✓ Glucose utilization by normal and neoplastic cerebral tissue can be measured in humans using positron emission tomography (PET) with fluorine-18-labeled 2-deoxy-D-glucose (FDG). Malignant gliomas are known to exhibit hypermetabolic glucose consumption compared to normal brain. Barbiturate-sensitive cerebral glucose utilization is coupled to neuronal activity, and lesions lacking neuronal activity should be relatively insensitive to barbiturate suppression of glucose utilization. In a study to examine this phenomenon, three patients with cerebral gliomas underwent FDG-PET while awake and during deep barbiturate coma. Cerebral glucose utilization was measured in normal brain, tumor, and a homologous, non-neoplastic control site in the contralateral hemisphere. A glucose utilization ratio for tumor/control tissue was calculated.

The mean reduction of glucose utilization during barbiturate coma was: gray matter 67%, white matter 47%, basal ganglia 66%, thalamus 57%, cerebellar cortex 55%, tumor 32%, and the contralateral control site 64%. The mean tumor glucose utilization ratio was 1.48:1 in the awake state and 2.69:1 during barbiturate coma. The changes in gray matter, basal ganglia, thalamus, cerebellar cortex, and tumor/control tissue ratio were significant (p < 0.05). In one patient, deep tumor invasion not evident on computerized tomography, magnetic resonance imaging, or baseline FDG-PET was apparent during barbiturate-enhanced FDG-PET scanning.

The study findings suggest that gliomas resist suppression of glucose utilization by barbiturates; this supports the hypothesis that barbiturates reduce neuronal metabolism by blocking synaptic activity. This differential effect on normal brain and gliomas enhances the capability to assess the extent of neoplastic tissue in brain and may represent the basis for novel therapeutic strategies.

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John L. Doppman, Giovanni Di Chiro, Andrew J. Dwyer, Joseph L. Frank and Edward H. Oldfield

✓ Magnetic resonance imaging (MRI) was performed on 12 patients with spinal arteriovenous malformations (AVM's). Six lesions were intramedullary, five were dural, and one was in a posterior extramedullary location. Serpentine filling defects similar to the classic myelographic findings were demonstrated within the high-signal cerebrospinal fluid on T2-weighted coronal scans. The intramedullary nidus was identified by MRI as an area of low-signal intensity within the cord in all six intramedullary AVM's. Neither the dural nor the posterior extramedullary lesions showed intramedullary components. It is concluded that MRI may noninvasively provide the initial diagnosis of a spinal AVM and distinguish intramedullary from dural and extramedullary lesions.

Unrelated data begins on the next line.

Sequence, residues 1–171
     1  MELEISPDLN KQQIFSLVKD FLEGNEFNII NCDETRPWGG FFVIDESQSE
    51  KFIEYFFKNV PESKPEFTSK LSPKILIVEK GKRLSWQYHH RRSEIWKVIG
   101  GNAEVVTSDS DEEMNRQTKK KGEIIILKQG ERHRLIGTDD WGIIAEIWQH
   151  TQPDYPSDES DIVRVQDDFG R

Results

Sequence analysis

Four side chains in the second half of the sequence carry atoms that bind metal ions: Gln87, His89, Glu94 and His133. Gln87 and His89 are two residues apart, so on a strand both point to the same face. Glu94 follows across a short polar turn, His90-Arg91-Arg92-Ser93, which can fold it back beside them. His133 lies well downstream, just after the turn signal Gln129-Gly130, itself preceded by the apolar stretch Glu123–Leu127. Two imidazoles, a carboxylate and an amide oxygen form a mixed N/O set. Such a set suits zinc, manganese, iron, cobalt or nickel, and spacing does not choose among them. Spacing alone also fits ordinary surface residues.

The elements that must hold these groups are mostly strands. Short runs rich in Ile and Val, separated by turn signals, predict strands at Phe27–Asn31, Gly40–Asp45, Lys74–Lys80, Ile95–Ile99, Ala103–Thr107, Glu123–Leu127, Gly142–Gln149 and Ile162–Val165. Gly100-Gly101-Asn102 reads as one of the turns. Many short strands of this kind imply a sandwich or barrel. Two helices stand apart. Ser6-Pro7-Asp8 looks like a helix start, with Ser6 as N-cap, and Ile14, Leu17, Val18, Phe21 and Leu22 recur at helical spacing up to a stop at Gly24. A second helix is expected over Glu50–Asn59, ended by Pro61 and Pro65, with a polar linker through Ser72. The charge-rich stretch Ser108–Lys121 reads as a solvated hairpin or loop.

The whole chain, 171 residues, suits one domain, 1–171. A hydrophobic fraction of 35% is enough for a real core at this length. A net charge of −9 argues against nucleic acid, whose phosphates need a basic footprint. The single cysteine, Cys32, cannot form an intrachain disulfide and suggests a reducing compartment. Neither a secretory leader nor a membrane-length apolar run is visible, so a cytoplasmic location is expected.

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Edward H. Oldfield, Giovanni Di Chiro, Eugene A. Quindlen, Kenneth G. Rieth and John L. Doppman

✓ As demonstrated by selective spinal cord arteriography, over 80% of spinal cord arteriovenous malformations (AVM's) occupy a predominantly extramedullary position. Current therapy frequently requires surgical stripping of the long dorsal intradural vessel(s) from the underlying spinal cord over many cord segments. The authors report six patients with a dural arteriovenous fistula fed by a cluster of abnormal epidural arteries. These vessels, which surrounded and were embedded into the dural covering of a thoracic nerve root, drained into a long sinuous intrathecal paramedullary vein(s). The angiographic and surgical appearance of the intradural component of these lesions was identical to that of lesions previously classified as Type I AVM's of the spinal cord. All patients had symptoms and signs of myelopathy. In five patients, surgery was limited to coagulation and excision of the extradural vessels and division of the intradural arterialized vein. Progressive improvement began within days following surgery. No residual abnormality was demonstrated by postoperative selective spinal cord arteriography, which was performed in all five patients.

The findings support those of Kendall and Logue, that surgery restricted to elimination of the arteriovenous fistula at the intervertebral foramen is curative, and that more extensive surgery is unnecessary for this subgroup of AVM's of the spinal cord. These lesions comprise a sizable percent of all spinal AVM's. Resolution of myelopathy in these patients supports the hypothesis that venous hypertension causes chronic progressive myelopathy.